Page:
Engineer loses access to file containing 20 bitcoins (BTC)

$ 900,000 in bitcoins removed

According to the media Mybroadband, a historical cryptocurrency enthusiast would have deleted a file containing the private keys and the password of a wallet where 20 bitcoins (BTC) are stored.

This situation was experienced by Mark Michaels, a 24 year old electronics engineer from Pretoria. He had decided to get into bitcoin mining almost ten years ago, when cryptocurrency was still only worth a few cents.

Passionate about technology from a young age, it was only after reading an article on the Internet that he decided to mine bitcoin.

“I believe I used the first Bitcoin wallet software, which required a wallet key and password to access it,” said Mark Michaels.

The mining experience only lasted a few months, but it was enough to mine around 20 bitcoins. During this year, the value of Bitcoin has also skyrocketed: it went from 0.0008 to 0.08 dollars. This is certainly far from the 48,000 dollars posted this morning by the Queen of cryptocurrencies, but it already showed its ability to explode upwards …

Bitcoins forgotten in a corner

Since the BTC wasn’t worth much yet, the engineer decided to put the sum aside. Selflessly, he deleted the file by cleaning up the computer:

“I got bored of it because you couldn’t do much else on your PC, and the bitcoins you mined were virtually worthless. “

It wasn’t until 7 years later, when bitcoin hit $ 1,000, that Michaels tried to recover the lost bitcoins. He explains :

“I remember gathering all the hard drives, USB drives, CDs and DVDs in the house and going over them carefully. It took about a week. I also tried using data recovery software on my primary hard drive, but it was not very helpful. By that time, this drive had been formatted and reused several times. “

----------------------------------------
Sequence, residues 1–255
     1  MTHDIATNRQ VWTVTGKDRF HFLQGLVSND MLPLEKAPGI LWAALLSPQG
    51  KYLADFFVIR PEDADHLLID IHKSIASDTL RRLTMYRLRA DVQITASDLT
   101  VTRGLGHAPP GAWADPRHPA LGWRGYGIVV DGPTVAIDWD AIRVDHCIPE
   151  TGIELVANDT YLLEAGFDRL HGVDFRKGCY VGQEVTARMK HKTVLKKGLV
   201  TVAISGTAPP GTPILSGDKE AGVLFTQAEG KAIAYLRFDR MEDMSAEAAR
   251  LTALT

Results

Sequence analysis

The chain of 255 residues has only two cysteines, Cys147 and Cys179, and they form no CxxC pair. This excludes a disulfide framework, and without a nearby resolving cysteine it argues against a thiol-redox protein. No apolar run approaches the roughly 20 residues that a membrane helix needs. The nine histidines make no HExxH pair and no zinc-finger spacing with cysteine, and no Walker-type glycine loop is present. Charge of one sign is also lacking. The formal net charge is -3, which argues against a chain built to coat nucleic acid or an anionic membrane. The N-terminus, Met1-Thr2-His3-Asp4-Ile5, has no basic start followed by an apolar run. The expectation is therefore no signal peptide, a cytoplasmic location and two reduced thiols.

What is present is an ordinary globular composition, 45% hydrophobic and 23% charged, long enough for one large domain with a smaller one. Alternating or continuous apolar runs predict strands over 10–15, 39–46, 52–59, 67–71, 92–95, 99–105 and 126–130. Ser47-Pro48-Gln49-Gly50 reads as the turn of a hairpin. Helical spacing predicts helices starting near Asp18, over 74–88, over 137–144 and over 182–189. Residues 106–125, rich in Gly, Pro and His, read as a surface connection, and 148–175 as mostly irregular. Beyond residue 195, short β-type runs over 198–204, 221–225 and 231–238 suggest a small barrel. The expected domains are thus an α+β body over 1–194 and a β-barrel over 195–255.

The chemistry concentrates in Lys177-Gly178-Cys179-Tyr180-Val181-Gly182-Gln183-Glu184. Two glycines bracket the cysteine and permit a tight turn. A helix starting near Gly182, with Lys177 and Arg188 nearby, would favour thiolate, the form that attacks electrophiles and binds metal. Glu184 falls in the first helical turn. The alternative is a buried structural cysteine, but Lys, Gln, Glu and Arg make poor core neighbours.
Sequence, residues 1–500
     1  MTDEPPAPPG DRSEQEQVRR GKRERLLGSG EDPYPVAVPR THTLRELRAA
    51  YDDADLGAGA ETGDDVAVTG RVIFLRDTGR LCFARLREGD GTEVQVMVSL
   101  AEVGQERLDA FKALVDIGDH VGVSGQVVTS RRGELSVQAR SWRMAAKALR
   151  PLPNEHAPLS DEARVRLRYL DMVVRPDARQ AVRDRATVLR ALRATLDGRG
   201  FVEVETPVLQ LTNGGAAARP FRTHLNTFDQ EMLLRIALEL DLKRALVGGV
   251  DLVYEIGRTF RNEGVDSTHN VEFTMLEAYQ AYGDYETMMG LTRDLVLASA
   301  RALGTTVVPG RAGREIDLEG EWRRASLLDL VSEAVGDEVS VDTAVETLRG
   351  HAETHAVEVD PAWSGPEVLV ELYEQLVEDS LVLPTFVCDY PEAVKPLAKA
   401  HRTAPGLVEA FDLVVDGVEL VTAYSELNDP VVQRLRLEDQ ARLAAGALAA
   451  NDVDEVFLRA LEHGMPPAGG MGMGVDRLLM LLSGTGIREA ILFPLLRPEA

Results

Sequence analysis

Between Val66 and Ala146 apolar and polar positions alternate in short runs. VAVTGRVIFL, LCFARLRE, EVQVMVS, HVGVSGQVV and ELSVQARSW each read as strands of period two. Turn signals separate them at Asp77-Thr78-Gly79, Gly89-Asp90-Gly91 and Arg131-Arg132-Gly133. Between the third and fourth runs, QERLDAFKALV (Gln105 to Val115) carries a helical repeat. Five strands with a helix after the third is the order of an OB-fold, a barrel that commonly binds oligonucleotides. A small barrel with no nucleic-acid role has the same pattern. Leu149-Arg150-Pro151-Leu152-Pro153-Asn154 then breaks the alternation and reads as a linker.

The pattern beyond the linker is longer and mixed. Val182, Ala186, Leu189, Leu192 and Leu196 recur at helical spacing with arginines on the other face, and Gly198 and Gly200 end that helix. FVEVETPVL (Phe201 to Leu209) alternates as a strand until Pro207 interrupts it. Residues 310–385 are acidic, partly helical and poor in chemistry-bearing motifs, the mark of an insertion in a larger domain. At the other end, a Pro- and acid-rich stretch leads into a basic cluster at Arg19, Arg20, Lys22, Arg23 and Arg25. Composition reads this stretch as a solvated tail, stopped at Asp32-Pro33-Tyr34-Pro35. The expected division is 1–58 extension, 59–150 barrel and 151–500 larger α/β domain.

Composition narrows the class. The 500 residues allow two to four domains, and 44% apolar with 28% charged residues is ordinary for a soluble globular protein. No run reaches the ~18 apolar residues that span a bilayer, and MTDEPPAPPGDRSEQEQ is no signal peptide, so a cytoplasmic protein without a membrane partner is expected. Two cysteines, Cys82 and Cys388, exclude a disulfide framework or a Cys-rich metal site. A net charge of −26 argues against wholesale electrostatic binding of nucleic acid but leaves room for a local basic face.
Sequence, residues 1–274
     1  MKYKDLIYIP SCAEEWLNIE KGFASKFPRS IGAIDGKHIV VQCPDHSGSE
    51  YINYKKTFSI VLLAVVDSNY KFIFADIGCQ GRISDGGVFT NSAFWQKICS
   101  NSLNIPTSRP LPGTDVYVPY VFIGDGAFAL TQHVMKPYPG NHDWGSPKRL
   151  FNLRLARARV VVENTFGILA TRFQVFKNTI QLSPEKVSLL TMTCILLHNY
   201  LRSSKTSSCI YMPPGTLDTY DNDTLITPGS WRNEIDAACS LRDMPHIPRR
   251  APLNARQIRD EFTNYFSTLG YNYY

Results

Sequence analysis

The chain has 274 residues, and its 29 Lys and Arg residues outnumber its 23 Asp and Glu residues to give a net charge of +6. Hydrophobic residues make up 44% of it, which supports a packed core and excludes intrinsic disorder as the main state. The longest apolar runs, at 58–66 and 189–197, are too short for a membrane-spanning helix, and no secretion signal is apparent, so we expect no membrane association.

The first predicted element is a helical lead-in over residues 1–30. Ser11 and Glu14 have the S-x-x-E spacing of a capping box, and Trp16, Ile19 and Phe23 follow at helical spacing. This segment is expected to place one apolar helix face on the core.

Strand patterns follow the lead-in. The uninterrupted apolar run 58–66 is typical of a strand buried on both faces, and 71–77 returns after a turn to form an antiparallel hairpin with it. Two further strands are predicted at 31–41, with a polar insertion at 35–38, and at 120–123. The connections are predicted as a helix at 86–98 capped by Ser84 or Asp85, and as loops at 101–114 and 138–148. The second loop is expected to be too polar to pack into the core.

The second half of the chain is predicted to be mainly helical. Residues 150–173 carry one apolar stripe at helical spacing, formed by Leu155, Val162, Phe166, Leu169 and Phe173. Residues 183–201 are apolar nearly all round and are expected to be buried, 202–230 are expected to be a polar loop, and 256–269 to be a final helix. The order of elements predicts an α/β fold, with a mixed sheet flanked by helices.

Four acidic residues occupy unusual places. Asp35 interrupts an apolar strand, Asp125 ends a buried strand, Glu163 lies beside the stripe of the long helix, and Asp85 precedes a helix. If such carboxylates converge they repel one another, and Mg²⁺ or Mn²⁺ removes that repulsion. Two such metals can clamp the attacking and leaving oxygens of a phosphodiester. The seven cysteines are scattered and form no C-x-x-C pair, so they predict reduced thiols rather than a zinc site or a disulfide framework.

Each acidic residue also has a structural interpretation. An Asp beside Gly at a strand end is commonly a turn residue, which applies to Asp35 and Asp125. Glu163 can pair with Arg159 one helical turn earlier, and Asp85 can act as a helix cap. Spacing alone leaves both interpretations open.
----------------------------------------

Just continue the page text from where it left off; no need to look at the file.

At the current price, 20 bitcoins are worth nearly $ 900,000. Perhaps to console himself, the person now claims that he has never done this for money but rather for technology …

An increasingly common situation

Obviously, this is not the first person to have lost their private keys. Indeed, other similar examples are regularly published in the press, especially when the amounts are enormous.

“There are several stories similar to mine, which show the potential risks and rewards of adopting new technologies early,” said Mark Michaels.

Stefan Thomas, a developer based in San Francisco, understood this as well. This early-hour bitcoiner has only 2 more tries to access a USB stick containing 7,002 bitcoins (BTC), or $ 315 million at the current price. In case of failure, the key will automatically lock and it will no longer be possible to access the treasure.

We also note that for nearly 3 years, many people have been trying to crack the password of a wallet containing 69,370 bitcoins, or nearly $ 3 billion at the present time. Bitcoin treasure hunts are therefore not about to stop …

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About the Author: Anthony Bassetto

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